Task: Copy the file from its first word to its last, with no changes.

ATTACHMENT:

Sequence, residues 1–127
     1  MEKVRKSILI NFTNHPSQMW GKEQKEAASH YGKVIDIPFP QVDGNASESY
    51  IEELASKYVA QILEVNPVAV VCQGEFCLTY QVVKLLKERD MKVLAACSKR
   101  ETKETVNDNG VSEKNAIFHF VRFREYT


Sequence, residues 1–127
     1  MEKVRKSILI NFTNHPSQMW GKEQKEAASH YGKVIDIPFP QVDGNASESY
    51  IEELASKYVA QILEVNPVAV VCQGEFCLTY QVVKLLKERD MKVLAACSKR
   101  ETKETVNDNG VSEKNAIFHF VRFREYT